XNAS:FMFC Quarterly Report 10-Q Filing - 3/31/2012

Effective Date 3/31/2012


UNITED STATES
SECURITIES AND EXCHANGE COMMISSION
Washington, D.C. 20549

FORM 10-Q
x
QUARTERLY REPORT PURSUANT TO SECTION 13 OR 15(d) OF
THE SECURITIES EXCHANGE ACT OF 1934
For the quarterly period ended March 31, 2012
Or
 
 
 
 
o
TRANSITION REPORT PURSUANT TO SECTION 13 OR 15(d) OF
THE SECURITIES EXCHANGE ACT OF 1934
For the transition period from __________ to __________
 

Commission File Number 000-09424

FIRST M&F CORPORATION
(Exact name of registrant as specified in its charter)
MISSISSIPPI
(State or other jurisdiction of
Incorporation or organization)
64-0636653
(I.R.S. Employer Identification Number)
 
 
134 West Washington Street,  Kosciusko, Mississippi
(Address of principal executive offices)
39090
(Zip Code)

662-289-5121
(Registrant’s telephone number, including area code)

No Change
(Former name, former address and former fiscal year,
if changed since the last report)

Indicate by check mark whether the registrant (1) has filed all reports required to be filed by Section 13 or 15(d) of the Securities Exchange Act of 1934 during the preceding 12 months (or for such shorter period that the registrant was required to file such reports), and (2) has been subject to such filing requirements for the past 90 days.
x Yes   o No   

Indicate by check mark whether the registrant has submitted electronically and posted on its corporate Web site, if any, every Interactive Data File required to be submitted and posted pursuant to Rule 405 of Regulation S-T (§232.405 of this chapter) during the preceding 12 months (or for such shorter period that the registrant was required to submit and post such files).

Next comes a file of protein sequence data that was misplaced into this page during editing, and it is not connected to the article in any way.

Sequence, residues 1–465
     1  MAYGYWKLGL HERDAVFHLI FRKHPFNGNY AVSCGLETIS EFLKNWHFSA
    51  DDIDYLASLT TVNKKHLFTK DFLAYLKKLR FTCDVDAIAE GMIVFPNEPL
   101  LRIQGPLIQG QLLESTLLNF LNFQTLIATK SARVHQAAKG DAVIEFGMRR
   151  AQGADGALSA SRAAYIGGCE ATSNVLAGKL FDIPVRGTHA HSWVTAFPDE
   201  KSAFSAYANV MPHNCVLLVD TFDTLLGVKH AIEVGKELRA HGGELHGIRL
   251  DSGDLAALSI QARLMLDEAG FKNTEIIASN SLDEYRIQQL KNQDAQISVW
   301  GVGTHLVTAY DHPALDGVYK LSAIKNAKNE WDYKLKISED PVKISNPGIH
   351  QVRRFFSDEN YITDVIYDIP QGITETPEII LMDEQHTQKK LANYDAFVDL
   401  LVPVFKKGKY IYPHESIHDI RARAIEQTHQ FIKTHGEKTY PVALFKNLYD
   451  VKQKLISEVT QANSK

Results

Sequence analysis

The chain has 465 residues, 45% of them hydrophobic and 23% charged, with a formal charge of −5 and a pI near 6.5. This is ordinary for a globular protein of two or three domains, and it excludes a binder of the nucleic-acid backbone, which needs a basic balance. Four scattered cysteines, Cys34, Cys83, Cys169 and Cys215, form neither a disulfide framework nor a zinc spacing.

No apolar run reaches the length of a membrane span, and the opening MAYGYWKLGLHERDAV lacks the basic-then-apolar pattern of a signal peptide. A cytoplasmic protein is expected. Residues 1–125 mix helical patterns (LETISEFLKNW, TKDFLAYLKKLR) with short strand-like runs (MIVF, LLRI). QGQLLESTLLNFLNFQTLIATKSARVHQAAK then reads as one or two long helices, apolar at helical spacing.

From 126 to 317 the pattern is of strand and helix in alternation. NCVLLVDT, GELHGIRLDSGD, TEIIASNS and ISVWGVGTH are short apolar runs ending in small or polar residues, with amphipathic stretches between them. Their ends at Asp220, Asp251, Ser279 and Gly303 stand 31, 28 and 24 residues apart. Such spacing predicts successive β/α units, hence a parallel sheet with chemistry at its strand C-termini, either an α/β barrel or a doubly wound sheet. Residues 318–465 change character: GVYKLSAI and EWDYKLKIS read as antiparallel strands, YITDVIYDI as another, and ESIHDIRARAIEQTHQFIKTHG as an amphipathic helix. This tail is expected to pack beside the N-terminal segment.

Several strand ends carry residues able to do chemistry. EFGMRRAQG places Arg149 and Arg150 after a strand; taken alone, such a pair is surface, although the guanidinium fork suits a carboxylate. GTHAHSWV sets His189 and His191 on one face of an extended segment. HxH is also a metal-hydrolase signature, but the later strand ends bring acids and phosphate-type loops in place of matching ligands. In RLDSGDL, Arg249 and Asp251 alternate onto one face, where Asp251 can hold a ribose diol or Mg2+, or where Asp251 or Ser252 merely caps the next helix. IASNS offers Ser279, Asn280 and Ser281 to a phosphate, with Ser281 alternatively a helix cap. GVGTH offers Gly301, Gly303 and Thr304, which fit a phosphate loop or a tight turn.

x Yes   o No   

Indicate by check mark whether the registrant is a large accelerated filer, an accelerated filer, a non-accelerated filer, or a smaller reporting company. See the definitions of “large accelerated filer,” “accelerated filer” and “smaller reporting company” in Rule 12b-2 of the Exchange Act.

Large accelerated filer o
Accelerated filer  o
Non-accelerated filer  o  (Do not check if a smaller reporting company)
Smaller reporting company x

Indicate by check mark whether the registrant is a shell company (as defined in Rule 12b-2 of the Exchange Act).
o Yes   x No   

Indicate the number of shares outstanding of each of the issuer’s classes of common stock, as of the latest practicable date
Common stock, $5 par value
 
9,162,721 Shares
Title of Class
 
Shares Outstanding at April 30, 2012



FIRST M&F CORPORATION

FORM 10-Q

INDEX

 
 
Page
PART 1:
FINANCIAL INFORMATION
 
 
 
 
Item 1
Financial Statements (unaudited):
3
 
Consolidated Statements of Condition
3
 
Consolidated Statements of Operations
4
 
Consolidated Statements of Comprehensive Income
5
 
Consolidated Statements of Stockholders’ Equity
6
 
Consolidated Statements of Cash Flows
7
 
Notes to Consolidated Financial Statements
9
 
 
 
Item 2
Management’s Discussion and Analysis of Financial Condition and Results of Operation
46
 
 
 
Item 3